A noted (amongst aficionados) nauseatingly twee tic of scripts in the latter days of 'Buffy' was a promiscuous use of nonce-adjectives formed by the addition of ‘-y' to words and phrases. ‘Out-of-the-loop-y' is one I remember with particular fondness. Not.

Now, it seems, the revolting practice has spread to the New York Times (1). In an op-ed piece by Maureen Dowd, one reads
‘Mr. Bush looked buck-passy when he denied that the White House, which throws up PowerPoint slogans behind his head on TV, was behind the "Mission Accomplished" banner.'
(She even omits the hyphen, jolting the reader into racking his brain for the significance of the word ‘passy'.)
Is this an isolated instance?
(1) http://nytimes.com/2003/10/30/opinion/30DOWD.html
halcombe filted:
‘Mr. Bush looked buck-passy when he denied that the White House, which throws up PowerPoint slogans behind his head on TV, was behind the "Mission Accomplished" banner.' Is this an isolated instance?

That is *so* not an isolated instance....r
A noted (amongst aficionados) nauseatingly twee tic of scripts in the latter days of 'Buffy' was a promiscuous use of ... hyphen, jolting the reader into racking his brain for the significance of the word ‘passy'.) Is this an isolated instance?

Ms Dowd is a columnist. (An interesting one, too) In that capacity, she can legitimately play fast and loose with English. I don't particularly care for this example, but it is not The End Of Civilized Writing As We Know It.
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halcombe filted:

‘Mr. Bush looked buck-passy when he denied that the White ... behind the "Mission Accomplished" banner.' Is this an isolated instance?

That is *so* not an isolated instance....r

Oh you cuddle-monkey you ...

John Dean
Oxford
De-frag to reply
John Dean filted:
halcombe filted: That is *so* not an isolated instance..r

Oh you cuddle-monkey you ...

Could this thread *be* any more self-referential?...r
John Dean filted:

Oh you cuddle-monkey you ...

Could this thread *be* any more self-referential?...r

Those in the dark here may want to consult a new book from Oxford University Press entitled Slayer Slang: A Buffy the Vampire Slayer Lexicon , by Michael Adams (Professor of English, Albright College). Here's a review of the book by Michael Quinion, which discusses linguistic innovations such as the "-y" formation (as in "buck-passy"):

http://www.worldwidewords.org/reviews/re-sla1.htm
The OUP website gives sample entries for "bitca", "break and enterish", "carbon-dated", and of course "cuddle-monkey":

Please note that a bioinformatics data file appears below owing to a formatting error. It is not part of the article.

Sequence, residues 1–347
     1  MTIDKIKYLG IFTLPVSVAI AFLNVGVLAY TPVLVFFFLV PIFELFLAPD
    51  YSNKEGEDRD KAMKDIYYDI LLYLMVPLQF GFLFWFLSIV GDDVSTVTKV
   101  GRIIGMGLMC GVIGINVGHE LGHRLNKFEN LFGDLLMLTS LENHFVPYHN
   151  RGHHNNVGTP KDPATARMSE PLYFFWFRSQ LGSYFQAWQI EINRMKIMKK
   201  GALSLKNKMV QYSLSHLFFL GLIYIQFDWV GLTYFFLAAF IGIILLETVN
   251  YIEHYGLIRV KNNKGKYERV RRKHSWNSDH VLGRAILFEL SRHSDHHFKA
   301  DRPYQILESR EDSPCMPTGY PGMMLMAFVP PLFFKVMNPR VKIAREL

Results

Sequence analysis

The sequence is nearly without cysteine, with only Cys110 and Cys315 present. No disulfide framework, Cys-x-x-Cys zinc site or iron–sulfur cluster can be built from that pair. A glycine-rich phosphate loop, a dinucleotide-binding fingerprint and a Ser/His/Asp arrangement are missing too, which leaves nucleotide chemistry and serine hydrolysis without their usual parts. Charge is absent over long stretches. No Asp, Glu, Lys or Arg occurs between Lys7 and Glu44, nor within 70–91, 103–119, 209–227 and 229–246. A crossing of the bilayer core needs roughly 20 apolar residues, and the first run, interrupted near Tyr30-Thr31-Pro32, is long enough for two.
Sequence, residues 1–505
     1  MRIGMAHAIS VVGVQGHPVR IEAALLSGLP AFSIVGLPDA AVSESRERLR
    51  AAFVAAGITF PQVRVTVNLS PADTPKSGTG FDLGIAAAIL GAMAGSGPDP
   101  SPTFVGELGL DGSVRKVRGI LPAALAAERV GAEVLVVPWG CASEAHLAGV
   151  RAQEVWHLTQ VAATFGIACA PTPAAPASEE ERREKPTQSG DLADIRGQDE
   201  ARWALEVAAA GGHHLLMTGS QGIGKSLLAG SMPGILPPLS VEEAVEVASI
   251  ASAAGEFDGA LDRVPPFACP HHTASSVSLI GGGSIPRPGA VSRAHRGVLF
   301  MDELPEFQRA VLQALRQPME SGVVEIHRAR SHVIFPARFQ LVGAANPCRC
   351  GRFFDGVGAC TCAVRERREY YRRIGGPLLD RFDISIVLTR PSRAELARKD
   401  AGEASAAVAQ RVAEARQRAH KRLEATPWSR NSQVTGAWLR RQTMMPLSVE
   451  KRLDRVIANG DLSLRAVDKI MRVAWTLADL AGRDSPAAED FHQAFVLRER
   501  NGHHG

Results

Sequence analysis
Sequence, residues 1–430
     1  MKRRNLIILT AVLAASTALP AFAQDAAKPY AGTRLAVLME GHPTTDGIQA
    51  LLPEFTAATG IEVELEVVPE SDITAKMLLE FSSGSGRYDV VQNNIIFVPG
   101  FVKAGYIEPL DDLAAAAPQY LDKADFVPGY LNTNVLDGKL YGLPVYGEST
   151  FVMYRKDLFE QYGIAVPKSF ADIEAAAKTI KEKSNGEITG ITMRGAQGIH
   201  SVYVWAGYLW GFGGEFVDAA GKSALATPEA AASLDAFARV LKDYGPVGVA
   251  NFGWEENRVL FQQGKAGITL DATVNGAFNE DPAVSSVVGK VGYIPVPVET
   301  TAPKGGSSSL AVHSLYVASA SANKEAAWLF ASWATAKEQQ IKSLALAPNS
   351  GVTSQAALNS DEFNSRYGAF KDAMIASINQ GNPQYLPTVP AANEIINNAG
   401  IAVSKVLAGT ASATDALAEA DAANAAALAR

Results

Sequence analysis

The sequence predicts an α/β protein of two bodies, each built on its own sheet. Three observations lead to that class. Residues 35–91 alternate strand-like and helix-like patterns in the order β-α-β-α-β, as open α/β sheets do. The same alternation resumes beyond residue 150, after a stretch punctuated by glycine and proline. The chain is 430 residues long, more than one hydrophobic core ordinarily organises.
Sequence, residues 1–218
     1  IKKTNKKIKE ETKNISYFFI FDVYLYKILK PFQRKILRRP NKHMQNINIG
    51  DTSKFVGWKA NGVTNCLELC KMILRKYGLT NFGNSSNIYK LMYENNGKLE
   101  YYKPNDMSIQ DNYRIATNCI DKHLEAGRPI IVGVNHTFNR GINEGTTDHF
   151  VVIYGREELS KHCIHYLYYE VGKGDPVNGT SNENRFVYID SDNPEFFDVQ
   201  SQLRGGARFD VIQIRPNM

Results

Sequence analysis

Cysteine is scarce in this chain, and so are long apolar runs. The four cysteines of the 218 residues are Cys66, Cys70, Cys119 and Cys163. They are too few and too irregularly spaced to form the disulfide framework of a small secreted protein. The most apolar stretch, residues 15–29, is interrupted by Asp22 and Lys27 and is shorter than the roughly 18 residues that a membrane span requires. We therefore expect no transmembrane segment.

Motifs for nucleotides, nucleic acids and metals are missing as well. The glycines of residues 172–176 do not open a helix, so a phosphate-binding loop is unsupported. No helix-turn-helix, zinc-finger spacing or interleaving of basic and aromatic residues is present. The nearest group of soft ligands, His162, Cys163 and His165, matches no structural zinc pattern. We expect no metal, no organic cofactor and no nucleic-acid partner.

http://www.oup.com/us/catalog/general/subject/?view=usa&ci=0195160339

And as more evidence of the wide-ranging influence of BtVS on modern usage, here's a recent addition to the online OED:

much, a., adv., pron., and n.
B. adv.

1. h. colloq. (orig. U.S., freq. ironic). With a precedingadjective, infinitive verb, or noun phrase, forming an elliptical comment or question.
The use was popularized by the film Buffy, the Vampire Slayer and the television series derived from it.1988 D. WATERS Heathers (film script) 15 God Veronica, droolmuch? His name's Jason Dean. 1988 D. WATERS Heathers (film script) 86 Heather Duke. It was J.D.'s idea! He made out the signature sheet and everything. Now will you sign it. Veronica. (queasy) No. Heather Duke. Jealous much? 1992 J. WHEDON Buffy, the Vampire Slayer (film script) 8 A stranger, walking the other way, bumps into Buffy, doesn't stop... Buffy. Excuse much! Not rude or anything.

1992 J. WHEDON Buffy, the Vampire Slayer (film script) 25 Pike and Benny have entered the diner, quite drunk... Kimberly (to the other girls) Smell of booze much. 1998 M. BURGESS & R. GREEN Isabella in Sopranos (television shooting script) 1st Ser. 1 42 Anthony Jr. Probably I can't go to that dance now either. Meadow. God, self-involved much? 2001 Cosmopolitan Dec. 178 You've seen them: the kinds of couples who finish each other's sentences... Jealous much? Damn right.
Students: We have free audio pronunciation exercises.
(Email Removed) spake thus:=20
=20 John Dean filted: =20 Could this thread *be* any more self-referential?...r

Those in the dark here may want to consult a new book from Oxford University Press entitled Slayer Slang: ... review of the book by Michael Quinion, which discusses linguistic innovations such as the "-y" formation (as in "buck-passy"):= http://www.worldwidewords.org/reviews/re-sla1.htm

Wonderful, thanks. A Christmas present for Daughter.

=20
David
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